The aborted New York Liquidation Bureau investigation

Old computers, cabs, yields a high bill with hushed results and bruised feelings

According to sources interviewed by National Underwriter Life & Health for our Complete ELNY Saga, there was an investigation into the shadowy mechanics of the New York Liquidation Bureau (the Bureau) albeit one with no conclusion. Indeed, the investigation results are now are under seal, according to a source. More than one person confirmed the investigation.

Sources have said that Jody Hall, former head of the Bureau ordered an investigation into the Bureau’s past dealings and estates, hiring insurance insolvency and reinsurance lawyer Paige Waters of Sonnenschein Nath & Rosenthal LLP (informally Sonnenschein and now  part of a 2010-formed SNR Denton).

The investigation began first by looking into an old computer system that did not work, that had never worked, with the exception of maybe one computer out of about 25 ancient ones, according to a source, but soon spread to other areas and those working on the Frontier Insurance estate.  

Frontier Insurance Company (Fronteir) is a property and casualty insurer domiciled in the State of New York. The company was placed in rehabilitation and the New York Superintendent of Insurance was appointed as Rehabilitator on October 2001. Frontier bounced back and forth between attempts to outsource its rehabilitation via the Lancer Group, which bought the parent company and attempted to take the enterprise in house at the Bureau under various administrations. Due to a court ruling this year on surety bonds, there was no choice but to put the company into rehabilitation people familiar with the case say, because, with the ruling on which class the surety bonds would fall into, the paper liabilities vastly outstripped the assets.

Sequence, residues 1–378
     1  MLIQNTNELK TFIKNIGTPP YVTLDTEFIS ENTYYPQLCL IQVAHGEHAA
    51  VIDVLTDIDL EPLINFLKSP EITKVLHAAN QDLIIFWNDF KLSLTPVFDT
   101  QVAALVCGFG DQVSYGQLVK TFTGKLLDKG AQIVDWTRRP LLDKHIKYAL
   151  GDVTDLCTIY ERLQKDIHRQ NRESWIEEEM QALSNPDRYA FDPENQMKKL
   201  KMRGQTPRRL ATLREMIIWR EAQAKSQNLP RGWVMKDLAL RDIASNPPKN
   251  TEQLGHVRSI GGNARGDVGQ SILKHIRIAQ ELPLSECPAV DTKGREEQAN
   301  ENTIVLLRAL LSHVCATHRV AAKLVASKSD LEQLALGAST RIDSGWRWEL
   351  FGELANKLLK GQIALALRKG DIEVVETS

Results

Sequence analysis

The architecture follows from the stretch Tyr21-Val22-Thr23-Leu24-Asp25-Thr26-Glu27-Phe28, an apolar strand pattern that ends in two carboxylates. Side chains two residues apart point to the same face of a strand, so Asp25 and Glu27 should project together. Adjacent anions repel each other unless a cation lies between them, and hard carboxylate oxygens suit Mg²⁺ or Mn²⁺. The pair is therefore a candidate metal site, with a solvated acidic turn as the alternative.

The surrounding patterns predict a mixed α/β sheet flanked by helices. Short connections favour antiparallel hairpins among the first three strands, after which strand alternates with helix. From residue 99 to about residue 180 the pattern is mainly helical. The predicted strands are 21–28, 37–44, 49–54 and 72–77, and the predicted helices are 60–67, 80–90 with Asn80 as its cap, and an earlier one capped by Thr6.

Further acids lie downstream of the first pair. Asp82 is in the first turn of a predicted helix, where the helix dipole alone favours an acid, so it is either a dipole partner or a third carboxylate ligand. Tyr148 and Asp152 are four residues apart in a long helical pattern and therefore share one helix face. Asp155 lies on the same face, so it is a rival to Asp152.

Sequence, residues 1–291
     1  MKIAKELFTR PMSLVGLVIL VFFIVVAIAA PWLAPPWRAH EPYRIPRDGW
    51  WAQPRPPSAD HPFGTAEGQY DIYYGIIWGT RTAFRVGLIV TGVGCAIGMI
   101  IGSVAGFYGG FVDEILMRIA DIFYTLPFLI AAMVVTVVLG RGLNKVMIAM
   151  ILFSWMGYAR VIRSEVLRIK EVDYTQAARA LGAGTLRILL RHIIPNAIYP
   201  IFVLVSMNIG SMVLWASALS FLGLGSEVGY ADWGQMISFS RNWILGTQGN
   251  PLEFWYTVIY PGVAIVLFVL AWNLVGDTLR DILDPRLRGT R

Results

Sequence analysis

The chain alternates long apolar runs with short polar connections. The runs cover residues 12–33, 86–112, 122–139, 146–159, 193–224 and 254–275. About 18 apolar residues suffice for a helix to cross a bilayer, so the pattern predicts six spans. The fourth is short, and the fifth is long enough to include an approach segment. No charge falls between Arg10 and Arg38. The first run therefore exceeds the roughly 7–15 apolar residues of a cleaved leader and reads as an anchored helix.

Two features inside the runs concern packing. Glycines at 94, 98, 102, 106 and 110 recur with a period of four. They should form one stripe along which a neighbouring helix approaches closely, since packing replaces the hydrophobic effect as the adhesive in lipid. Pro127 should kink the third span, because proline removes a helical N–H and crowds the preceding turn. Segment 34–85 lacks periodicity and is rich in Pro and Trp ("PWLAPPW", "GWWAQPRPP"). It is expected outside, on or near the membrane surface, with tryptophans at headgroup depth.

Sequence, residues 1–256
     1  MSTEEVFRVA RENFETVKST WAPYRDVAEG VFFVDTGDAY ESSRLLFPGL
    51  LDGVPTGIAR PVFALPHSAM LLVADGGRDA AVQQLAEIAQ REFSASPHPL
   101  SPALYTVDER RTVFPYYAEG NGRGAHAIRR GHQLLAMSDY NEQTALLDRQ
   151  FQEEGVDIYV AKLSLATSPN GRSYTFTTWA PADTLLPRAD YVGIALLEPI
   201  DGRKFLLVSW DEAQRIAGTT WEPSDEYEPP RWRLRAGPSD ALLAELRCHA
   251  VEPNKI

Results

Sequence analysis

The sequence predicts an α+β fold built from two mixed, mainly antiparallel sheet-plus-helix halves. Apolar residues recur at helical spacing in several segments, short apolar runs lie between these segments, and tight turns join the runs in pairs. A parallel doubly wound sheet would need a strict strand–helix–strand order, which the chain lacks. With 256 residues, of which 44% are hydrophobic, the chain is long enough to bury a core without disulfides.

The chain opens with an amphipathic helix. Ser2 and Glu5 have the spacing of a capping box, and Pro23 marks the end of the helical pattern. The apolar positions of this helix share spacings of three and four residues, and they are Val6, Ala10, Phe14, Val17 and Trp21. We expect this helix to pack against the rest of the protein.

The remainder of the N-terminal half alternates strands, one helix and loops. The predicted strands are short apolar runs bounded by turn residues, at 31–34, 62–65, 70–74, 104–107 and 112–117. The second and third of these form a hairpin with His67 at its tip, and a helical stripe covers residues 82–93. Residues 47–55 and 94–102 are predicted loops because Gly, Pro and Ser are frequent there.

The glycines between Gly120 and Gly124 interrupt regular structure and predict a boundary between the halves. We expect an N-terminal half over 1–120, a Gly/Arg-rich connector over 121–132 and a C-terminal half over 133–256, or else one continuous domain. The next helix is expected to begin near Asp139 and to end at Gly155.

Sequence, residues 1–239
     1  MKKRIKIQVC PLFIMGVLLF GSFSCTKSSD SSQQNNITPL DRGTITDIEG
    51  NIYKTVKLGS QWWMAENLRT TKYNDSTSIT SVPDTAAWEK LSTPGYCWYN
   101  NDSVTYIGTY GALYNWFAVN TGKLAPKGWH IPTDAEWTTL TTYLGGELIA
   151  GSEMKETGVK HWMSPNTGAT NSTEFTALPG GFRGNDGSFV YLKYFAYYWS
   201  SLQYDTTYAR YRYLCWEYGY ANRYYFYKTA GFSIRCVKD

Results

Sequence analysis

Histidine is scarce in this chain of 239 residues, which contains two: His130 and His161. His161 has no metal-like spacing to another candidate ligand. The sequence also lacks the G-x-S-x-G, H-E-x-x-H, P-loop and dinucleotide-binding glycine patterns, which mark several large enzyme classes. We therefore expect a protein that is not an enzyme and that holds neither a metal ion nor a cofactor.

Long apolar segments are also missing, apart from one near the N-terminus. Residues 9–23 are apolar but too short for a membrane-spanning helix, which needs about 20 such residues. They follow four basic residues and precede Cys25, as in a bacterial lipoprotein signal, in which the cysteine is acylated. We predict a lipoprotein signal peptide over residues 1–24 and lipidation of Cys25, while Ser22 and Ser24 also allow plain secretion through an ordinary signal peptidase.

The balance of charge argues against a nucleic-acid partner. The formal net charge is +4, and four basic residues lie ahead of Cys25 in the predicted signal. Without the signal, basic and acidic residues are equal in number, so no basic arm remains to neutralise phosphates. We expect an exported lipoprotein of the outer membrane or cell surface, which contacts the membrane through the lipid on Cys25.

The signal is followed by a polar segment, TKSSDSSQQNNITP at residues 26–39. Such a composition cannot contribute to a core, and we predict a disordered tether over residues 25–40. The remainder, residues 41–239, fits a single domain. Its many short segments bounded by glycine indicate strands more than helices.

Superintendent Ben Lawsky asked this summer that Frontier be liquidated. 

Liquidation request for Frontier--- http://www.nylb.org/Documents/Frontier_OTSC_20120808.pdf 

Frankie Bliss, who could not be reached by phone after numerous attempts, was in charge of the estate.  Bliss is now on the board of directors of the International Association of Insurance Receivers and is well-regarded by old hands in the industry.  

Since 1992, while at the Bureau, Bliss had also been the New York Superintendent's representative on all working groups for the NAIC Insolvency Task Force, and chaired the NAIC Working Group responsible for the recently published Receivers' Handbook for Insolvencies. 

The Sonnenshein investigation into the estate management is not discussed and concerns allegations against the Bureau's dealings and potential mismanagement issues concerning improper donations of a taxi cab to the bureau from an outside organization. These allegations were never proven and some called the investigation a witch hunt that wasted Bureau money. However, the matter was sealed and the Chicago law firm sent on its way, but not without dissatisfaction on all sides and money spent to no conclusion while allegations were made and refuted as a pack of lies and colleagues who stuck with each other were left ill at ease.

According to sources, the work was unfinished, no report was made, as was said to be part of the contract and the bill to the Bureau--said to be around $700,000--was disputed and the amount later settled via negotiations by the Bureau, with the money ostensibly coming from the estates at the Bureau, as the Bureau had hired Sonnenshein.

Former New York Insurance Department Superintendent Howard Mills, now at  Deloitte, signed the engagement letter and received copies of updates, according to a source close to the investigation. Mills declined to comment. Waters, now a partner at Locke Lord in Chicago and a co-author of Chapter 14 Insurance Solvency Regulation, New Appleman on Insurance Law Edition  who frequently speaks at insurance industry events, did not respond to a reporter’s queries. 

The Sonnenshein investigation upended the Bureau and people were upset and one turned on Hall, according to a source, and reported her for her improprieties, which ultimately got her indicted and fired from the Bureau. Bliss was asked to come down from the Catskills area where she was running Frontier and take over as an interim director of the bureau.

People were not to discuss the matter, according to sources and some felt that later, when bonuses were offered as part of severance packages during a reduction in force, that this was one of the matters that was not to be discussed. At least one employee --Frankie Bliss, at one point an acting director, refused the $15,000 bonus on ethical grounds, according to sources, and held herself "beyond reproach."

 

 

 

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